your socks

The last night I saw you was the only night my dog ever pissed on my floor. She did it while you were here doing drugs in my bathroom that were delivered by my dealer in a silver BMW about twenty minutes ago.

These are things that happen in Manhattan.

I’ve known you for almost two years now and you have begged and pleaded and played on the weakness my divorce cut me with and broke both of my knees.

I’ve given you a lot. Too much. Things I will never get back. Things you will never deserve. But if you ever thought I would give you the number of my delivery service – you played yourself.

My weed dealer, Victor, is Dominican. He has wide shoulders and a trusting smile and I would lie under oath for him in a heartbeat. I might have to too, because this is the United States of America, a police state. Civilians lost rights here years ago.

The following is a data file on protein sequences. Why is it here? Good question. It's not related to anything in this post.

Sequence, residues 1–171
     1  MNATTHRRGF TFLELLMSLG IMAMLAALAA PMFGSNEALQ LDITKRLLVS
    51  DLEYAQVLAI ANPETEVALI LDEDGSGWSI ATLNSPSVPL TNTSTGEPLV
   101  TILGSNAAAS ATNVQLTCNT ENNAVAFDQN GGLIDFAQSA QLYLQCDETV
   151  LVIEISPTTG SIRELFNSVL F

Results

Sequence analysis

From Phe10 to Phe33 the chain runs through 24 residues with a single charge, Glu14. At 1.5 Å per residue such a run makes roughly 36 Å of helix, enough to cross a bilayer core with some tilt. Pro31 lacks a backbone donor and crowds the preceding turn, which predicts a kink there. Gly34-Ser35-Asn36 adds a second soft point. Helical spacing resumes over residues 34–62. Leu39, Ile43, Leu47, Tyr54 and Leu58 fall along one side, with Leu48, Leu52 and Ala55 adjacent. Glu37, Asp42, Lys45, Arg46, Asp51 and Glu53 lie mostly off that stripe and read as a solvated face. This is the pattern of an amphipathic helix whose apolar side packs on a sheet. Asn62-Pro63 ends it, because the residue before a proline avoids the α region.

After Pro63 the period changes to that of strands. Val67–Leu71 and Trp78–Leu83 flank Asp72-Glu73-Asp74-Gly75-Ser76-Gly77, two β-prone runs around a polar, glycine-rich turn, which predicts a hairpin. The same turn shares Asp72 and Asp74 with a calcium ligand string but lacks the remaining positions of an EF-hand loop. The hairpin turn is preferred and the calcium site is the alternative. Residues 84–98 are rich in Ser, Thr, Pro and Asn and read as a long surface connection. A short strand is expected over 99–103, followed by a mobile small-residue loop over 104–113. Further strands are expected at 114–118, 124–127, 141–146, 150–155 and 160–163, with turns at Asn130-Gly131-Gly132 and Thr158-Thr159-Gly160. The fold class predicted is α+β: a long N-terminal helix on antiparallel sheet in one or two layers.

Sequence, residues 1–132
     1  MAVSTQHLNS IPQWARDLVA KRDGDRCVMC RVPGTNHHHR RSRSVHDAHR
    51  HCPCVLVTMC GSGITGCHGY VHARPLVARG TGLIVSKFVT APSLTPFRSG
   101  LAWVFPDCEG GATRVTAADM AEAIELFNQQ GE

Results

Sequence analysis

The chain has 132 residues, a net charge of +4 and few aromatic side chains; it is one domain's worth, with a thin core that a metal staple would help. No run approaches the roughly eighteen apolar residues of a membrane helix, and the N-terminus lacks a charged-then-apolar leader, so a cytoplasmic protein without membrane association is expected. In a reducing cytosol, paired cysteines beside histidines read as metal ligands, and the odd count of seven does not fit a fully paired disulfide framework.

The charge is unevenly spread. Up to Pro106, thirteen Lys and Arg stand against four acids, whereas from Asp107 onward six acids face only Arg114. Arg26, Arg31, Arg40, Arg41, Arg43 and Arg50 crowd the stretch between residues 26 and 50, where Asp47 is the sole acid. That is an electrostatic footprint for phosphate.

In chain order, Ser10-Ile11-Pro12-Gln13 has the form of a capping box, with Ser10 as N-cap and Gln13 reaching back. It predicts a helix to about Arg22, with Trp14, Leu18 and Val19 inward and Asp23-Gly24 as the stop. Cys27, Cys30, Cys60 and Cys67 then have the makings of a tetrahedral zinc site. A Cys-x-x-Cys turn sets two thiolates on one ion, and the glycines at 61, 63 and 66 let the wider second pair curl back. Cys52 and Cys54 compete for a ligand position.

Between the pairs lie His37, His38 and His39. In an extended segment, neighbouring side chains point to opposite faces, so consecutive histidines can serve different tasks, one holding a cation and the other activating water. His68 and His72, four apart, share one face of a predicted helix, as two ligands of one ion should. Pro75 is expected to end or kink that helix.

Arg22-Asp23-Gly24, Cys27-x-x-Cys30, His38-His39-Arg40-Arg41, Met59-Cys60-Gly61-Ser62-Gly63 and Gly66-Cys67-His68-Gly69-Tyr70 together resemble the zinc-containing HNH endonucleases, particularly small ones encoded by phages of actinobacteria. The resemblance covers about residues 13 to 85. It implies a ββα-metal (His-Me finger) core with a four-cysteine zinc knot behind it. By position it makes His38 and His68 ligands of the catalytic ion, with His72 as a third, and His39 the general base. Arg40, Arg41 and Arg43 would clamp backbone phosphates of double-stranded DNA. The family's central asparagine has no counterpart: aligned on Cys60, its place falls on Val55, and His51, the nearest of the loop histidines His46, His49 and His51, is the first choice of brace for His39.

I can’t wait to go back to Australia.

I would do anything for Victor. Outside of my parents and sister, there is a barely visible circle of alliances I hold dear and closer than anything. You were never part of it, and you never will be.

When you fall out of my bathroom door I reach for your shoes, beside my doorway. I don’t think you want them, and we know you want to stay. But that’s far in the past now.

So I open the door, while you’re still standing there in your socks.

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